As I mentioned in my last post, there are countless things I’ve learned and observed and thought about connected to this move to Denver. One that I keep reflecting on is kindness and generosity.
I don’t relish the position of being in need. My fiercely independent, self-reliant, obsessive achiever personality would much rather carry my own burdens with time and effort to spare and share with others. But my meager abilities were no match for the mental, physical, and emotional work of making this move happen.
Thankfully, I have family and friends who helped.
Admittedly, their expressions of generosity might seem trivial to some. But in this stressful season (which I SEVERELY underestimated), they are monumental acts that I am grateful for: a thoroughly thoughtful going away party; carving out time for more good-bye dinners than I can count; coming over to help pack my kitchen or load the trailer; pursuing time with me after literally stepping off of a plane; multiple trips by my parents to help; prayers and words of encouragement throughout the journey; letting me crash in the guest room; notes and cards and gifts and emails and many, many other measures large and small that floor me if I think on them too long.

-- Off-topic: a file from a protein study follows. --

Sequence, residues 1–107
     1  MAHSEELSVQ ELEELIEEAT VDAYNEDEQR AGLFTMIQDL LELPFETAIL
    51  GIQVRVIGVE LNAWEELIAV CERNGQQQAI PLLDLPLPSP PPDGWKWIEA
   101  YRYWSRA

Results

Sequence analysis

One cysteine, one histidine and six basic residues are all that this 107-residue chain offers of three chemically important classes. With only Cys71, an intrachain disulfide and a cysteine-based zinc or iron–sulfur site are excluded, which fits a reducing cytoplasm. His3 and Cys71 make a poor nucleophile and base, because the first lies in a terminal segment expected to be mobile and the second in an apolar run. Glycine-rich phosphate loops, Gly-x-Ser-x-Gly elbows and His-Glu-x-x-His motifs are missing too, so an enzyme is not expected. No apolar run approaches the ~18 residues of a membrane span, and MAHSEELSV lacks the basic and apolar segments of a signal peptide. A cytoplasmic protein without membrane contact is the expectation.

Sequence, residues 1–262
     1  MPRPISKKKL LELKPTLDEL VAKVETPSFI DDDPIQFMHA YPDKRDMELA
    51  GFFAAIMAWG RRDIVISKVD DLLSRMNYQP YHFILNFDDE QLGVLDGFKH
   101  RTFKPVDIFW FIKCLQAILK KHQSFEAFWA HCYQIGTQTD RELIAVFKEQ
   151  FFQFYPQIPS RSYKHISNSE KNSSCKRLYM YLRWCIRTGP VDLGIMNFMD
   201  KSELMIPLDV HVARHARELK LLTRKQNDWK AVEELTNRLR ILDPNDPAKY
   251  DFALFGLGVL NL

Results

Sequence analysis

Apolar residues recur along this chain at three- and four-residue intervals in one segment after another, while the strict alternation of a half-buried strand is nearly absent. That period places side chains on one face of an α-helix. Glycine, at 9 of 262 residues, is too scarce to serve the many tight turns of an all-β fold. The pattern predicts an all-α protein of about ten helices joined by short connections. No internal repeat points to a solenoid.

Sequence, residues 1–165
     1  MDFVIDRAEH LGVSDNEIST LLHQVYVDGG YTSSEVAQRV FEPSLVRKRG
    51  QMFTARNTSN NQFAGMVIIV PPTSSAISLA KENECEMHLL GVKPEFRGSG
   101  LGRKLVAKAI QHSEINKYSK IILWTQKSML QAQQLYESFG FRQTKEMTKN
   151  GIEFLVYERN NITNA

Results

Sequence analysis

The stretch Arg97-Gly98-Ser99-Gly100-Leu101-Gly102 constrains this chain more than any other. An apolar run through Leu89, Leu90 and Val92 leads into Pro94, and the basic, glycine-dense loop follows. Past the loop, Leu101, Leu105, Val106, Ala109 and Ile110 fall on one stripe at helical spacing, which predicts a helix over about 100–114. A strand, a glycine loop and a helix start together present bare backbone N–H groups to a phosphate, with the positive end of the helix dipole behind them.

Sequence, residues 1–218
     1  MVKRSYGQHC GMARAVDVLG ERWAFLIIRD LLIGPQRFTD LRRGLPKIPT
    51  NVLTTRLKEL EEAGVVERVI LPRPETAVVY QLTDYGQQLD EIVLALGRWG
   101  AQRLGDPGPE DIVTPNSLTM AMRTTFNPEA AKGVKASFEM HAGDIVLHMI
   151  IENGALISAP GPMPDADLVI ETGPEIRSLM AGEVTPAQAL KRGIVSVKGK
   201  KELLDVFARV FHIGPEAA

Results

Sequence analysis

I’m grateful for friends and family who put love into practice, even by sharing nothing but their time over a meal. For many of them, their kindness wasn’t convenient. We’re all busy people with a mile-long to-do list. Being the only non-family member loading up the trailer isn’t exactly what someone gets excited about doing on a Monday night, particularly when they aren’t all that jazzed about me leaving in the first place. (Thanks again, Jeff!)
All of this has me thinking about generosity and the ways in which I show it to others. I wonder whether I demonstrate acts of generosity that are most convenient for me–not necessarily most beneficial to the one in need. I think true generosity comes at a cost to the giver. It takes a toll. There’s a price to be paid even if it’s small. We pay the price because we want to and because we can and because it’s needed. And I want to be willing to pay that price, because I know what it’s like to be a beneficiary.
Perhaps it takes being in the humble position of needing grace to know what it means to share it.